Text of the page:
Welcome Guest [Log In] [Register]
We hope you enjoy your visit.

You're currently viewing our forum as a guest. This means you are limited to certain areas of the board and there are some features you can't use. If you join our community, you'll be able to access member-only sections, and use many member-only features such as customizing your profile, sending personal messages, and voting in polls. Registration is simple, fast, and completely free.

Join our community!

If you're already a member please log in to your account to access all of our features:

Username:   Password:
Multi ON Multi
Add Reply
Rounded Corners
Topic Started: Jun 15 2010, 08:09 PM (3,007 Views)
Member Avatar
Rounding corners of elements has always been known to be particularly complicated and not always foolproof. There is a variety of methods used to round the corners of an element. I'm going to share the methods I have found to be most useful, and easy.

The new and easy way to round corners: CSS3 border-radius Property

CSS3 is the latest CSS specification that provides various new properties and refinements to accomplish what you previously couldn't with CSS, including the long, sought over border-radius property!
td.c_user dl {
border-radius: 10px;
That will produce this:

Posted Image

Instead of using different properties for different edges (border-top-left-radius, for instance), I'd personally stick with the shorthand properties to produce less CSS, which also reduces the file size of your CSS.

4 values: Top-Left Top-Right Bottom-Right Bottom-Left (10px 20px 30px 40px)
3 values: Top-Left Top-Right, Bottom-Left Bottom-Right (10px 20px 30px)
2 values: Top-Left, Bottom-Right Top-Right, Bottom-Left (10px 20px)
1 value: Top-Left, Top-Right, Bottom-Right, Bottom-Left (10px)

When border-collapse: collapse; is applied to the table element to properly collapse single borders, the border radius will not be applied, so we have to setup separate selectors to properly style these affected tables, like so:
#member_list_full thead th {
border-radius: 20px 20px 0 0;

#member_list_full {
border-collapse: separate;

#member_list_full td + td {
border-left: 0;

#member_list_full tr td {
border-top: 0;
Rounded Corners with Images

This method is fully described here by Paul O'B, a CSS expert. You're able to produce transparent rounded corners so the background color or background image won't appear where the corner is rounded as it normally would, this is particularly good if you have a background image applied under the element. This technique is best used for elements you manually add to your board, otherwise JavaScript would be involved to modify existing elements. You'll probably find this method most useful for applying a border around your board if you have a background image behind it; if no background image is applied and the body is only a solid color, then you may find this method (InvisionFree version) useful, coloring the background of the corner images the same as the body background.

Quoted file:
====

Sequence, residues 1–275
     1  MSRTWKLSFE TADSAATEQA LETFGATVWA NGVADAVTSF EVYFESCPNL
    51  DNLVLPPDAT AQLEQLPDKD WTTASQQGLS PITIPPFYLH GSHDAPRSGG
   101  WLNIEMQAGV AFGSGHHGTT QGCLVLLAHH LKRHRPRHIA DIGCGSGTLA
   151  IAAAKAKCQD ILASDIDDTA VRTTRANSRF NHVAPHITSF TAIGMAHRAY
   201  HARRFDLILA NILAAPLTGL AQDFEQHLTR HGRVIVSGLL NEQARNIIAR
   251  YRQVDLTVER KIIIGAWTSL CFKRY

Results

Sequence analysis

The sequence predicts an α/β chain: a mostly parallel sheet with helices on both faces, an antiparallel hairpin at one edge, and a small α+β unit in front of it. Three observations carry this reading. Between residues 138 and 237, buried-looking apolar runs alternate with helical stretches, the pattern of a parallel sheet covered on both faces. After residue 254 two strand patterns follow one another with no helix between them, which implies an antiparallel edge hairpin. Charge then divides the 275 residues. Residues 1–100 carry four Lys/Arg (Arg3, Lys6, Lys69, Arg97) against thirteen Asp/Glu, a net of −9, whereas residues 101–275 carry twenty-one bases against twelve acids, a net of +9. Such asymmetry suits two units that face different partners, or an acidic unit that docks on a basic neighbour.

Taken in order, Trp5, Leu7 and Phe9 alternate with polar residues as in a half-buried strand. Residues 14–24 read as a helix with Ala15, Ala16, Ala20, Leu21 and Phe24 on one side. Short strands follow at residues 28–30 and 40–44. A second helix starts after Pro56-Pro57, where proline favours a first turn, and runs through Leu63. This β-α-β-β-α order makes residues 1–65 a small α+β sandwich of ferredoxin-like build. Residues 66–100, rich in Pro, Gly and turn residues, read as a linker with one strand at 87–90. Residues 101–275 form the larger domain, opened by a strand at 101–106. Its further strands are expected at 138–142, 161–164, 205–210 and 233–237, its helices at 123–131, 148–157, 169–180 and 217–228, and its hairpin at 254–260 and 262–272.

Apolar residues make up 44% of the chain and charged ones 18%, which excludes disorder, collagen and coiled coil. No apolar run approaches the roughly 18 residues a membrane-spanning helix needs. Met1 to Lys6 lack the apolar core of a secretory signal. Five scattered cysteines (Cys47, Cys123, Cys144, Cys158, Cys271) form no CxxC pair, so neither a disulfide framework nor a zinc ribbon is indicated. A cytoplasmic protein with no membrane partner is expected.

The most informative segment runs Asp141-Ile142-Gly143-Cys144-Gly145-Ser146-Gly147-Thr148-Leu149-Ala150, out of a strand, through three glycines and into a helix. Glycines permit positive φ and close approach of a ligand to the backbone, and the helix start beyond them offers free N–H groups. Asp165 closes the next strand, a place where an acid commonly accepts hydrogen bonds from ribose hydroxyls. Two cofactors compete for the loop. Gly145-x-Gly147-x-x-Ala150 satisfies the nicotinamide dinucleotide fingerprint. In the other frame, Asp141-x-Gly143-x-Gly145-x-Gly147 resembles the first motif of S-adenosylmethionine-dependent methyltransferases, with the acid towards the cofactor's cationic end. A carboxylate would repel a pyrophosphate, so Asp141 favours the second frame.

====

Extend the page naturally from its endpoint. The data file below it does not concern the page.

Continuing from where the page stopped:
A particular method I've used is previewed here. It's a full image border that requires eight different pieces. You can view the source of the page to see what HTML and CSS is involved. Just a forewarning, a lot of positioning is required.

jQuery Corners

ZetaBoards has jQuery and a similar jQuery Corners script installed by default; that's how the corners in the blogs are rounded. The details are described here, and it essentially has unlimited possibilities to rounding corners. Even though I find this method somewhat messy in a sense, it does the trick and it is very straightforward.

Other Methods

There are many, many methods used to round corners of any given element, and there are various generators available too.

Most CSS-only and JavaScript methods are easiest to use on InvisionFree and ZetaBoards because additional markup requires modifications to the default source code, which often involves JavaScript.
Edited by Cory, Jul 19 2013, 06:37 AM.
Offline Profile Quote Goto Top
Member Avatar
He came, he saw...
Great guide Cory, I actually spent a few days creating a theme with rounded corners all over the place using the CSS method but didn't check it in IE.

You can imagine my horror when I'd finally finished the theme and then did decide to look at it in IE :(
Offline Profile Quote Goto Top
1 user reading this topic (1 Guest and 0 Anonymous)
« Previous Topic · Coding Guides · Next Topic »
Add Reply